Donald Trump at hospital talking about his healthcare plan
MANDEL NGAN/Getty Images

Congressional Republicans failed to repeal and replace Obamacare, so President Donald Trump has made controversial moves on his own to take apart his predecessor’s signature health care law.

These policy decisions could roil the Affordable Care Act’s state insurance marketplaces and increase how much you pay for coverage, so you may need to build up a cushion of savings now.

Here’s what you need to know, and what you can do.

Out-of-pocket subsidies stopped

After months of threats and speculation, Trump has decided to halt $7 billion in subsidies that have helped reduce out-of-pocket costs, like deductibles and copayments, for some 6 million lower-income Americans.

The subsidies go to insurance companies, but the administration claims the payments are not lawful. An ongoing legal case is tied up in the courts.

The Congressional Budget Office has estimated that ending the subsidies will cause Obamacare premiums to rise 20 percent in 2018, and 25 percent by the next presidential election in 2020.

The CBO has warned that other consequences will be 1 million fewer people insured next year and a worsening of the federal deficit by nearly $200 billion over the next 10 years.

Many insurers, particularly in California, already have increased their rates for exchange coverage in anticipation of the subsidy payments going away. That affects not only poor people helped by the cost-sharing but also middle-class consumers who buy health plans.

The president is voicing support for a bipartisan deal to save the out-of-pocket assistance, but it’s not clear if the full Congress would approve.

Skinnier plans, dimmer sign-up season

Trump also has signed an executive order calling for the creation of cheaper, skimpier health insurance plans than those currently allowed under the health law.

Federal agencies, including the Labor Department, are working on the details, and there will be a lengthy period for public comments. So, no changes are expected in the immediate future and may not come until 2019.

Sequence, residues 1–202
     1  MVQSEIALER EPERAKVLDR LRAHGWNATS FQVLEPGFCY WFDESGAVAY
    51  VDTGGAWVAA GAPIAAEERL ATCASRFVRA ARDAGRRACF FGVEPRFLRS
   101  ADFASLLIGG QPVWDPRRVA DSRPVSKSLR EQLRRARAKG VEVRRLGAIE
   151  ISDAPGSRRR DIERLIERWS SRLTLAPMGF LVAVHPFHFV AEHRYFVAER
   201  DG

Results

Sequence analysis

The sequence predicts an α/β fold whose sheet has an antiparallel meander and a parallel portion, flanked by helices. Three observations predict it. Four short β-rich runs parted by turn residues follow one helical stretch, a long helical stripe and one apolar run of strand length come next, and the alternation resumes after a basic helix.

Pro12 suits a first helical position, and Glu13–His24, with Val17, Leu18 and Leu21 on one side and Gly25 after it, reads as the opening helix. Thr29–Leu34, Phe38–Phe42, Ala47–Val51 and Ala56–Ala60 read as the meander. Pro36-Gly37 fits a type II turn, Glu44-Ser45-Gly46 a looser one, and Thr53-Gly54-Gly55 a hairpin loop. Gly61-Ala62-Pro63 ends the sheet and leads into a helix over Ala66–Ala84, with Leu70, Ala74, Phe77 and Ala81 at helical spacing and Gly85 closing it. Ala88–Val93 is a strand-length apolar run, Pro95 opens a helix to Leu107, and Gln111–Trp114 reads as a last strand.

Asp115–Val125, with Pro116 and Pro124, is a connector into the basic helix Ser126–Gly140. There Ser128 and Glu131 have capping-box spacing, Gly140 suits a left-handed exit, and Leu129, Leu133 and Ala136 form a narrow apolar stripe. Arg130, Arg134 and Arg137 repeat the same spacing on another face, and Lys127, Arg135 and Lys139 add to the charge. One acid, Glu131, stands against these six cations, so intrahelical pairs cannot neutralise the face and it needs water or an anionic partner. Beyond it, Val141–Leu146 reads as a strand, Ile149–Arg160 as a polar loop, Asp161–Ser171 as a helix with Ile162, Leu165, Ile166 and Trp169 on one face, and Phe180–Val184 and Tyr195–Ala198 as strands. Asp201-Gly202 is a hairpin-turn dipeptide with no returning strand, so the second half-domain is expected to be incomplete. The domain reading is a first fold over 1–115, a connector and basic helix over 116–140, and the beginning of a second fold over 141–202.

Additionally, the Trump White House is taking steps to sap the upcoming enrollment season in the Obamacare health exchanges.

The administration has halved this year’s open enrollment period for signing up for Obamacare coverage to 45 days, and it has dramatically reduced spending on promotional efforts to help Americans pick a health plan.

The administration also is taking the federal health exchange website Healthcare.gov offline for hours on upcoming Sundays.

What should you do?

If you get your health insurance through your state’s marketplace, make sure you remember to sign up again this year.

Open enrollment for 2018 runs from Nov. 1 through Dec. 15, and if you’ll still face a tax penalty if you fail to have health insurance. For 2017, the penalty was the greater of $695 per adult, or 2.5 percent of household income.

Obamacare enrollees facing higher premiums, higher out-of-pocket costs or both could be in for significant financial pain, since more than half of Americans have told Bankrate they lack the the savings to handle an unexpected $500 medical emergency.

If you’re likely to be affected, it’s time to increase your savings for the rest of this year.

Pare back holiday shopping, and delay any planned trips. Put any raise or bonus directly into your bank account, and try not to reduce what you’re putting aside for your retirement.

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